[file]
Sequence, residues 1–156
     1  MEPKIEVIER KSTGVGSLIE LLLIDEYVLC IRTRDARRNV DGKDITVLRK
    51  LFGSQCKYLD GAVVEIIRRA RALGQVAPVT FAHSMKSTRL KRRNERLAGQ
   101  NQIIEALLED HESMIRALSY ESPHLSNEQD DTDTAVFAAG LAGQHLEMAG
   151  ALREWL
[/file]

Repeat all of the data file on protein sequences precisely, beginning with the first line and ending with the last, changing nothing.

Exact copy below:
Sequence, residues 1–156
     1  MEPKIEVIER KSTGVGSLIE LLLIDEYVLC IRTRDARRNV DGKDITVLRK
    51  LFGSQCKYLD GAVVEIIRRA RALGQVAPVT FAHSMKSTRL KRRNERLAGQ
   101  NQIIEALLED HESMIRALSY ESPHLSNEQD DTDTAVFAAG LAGQHLEMAG
   151  ALREWL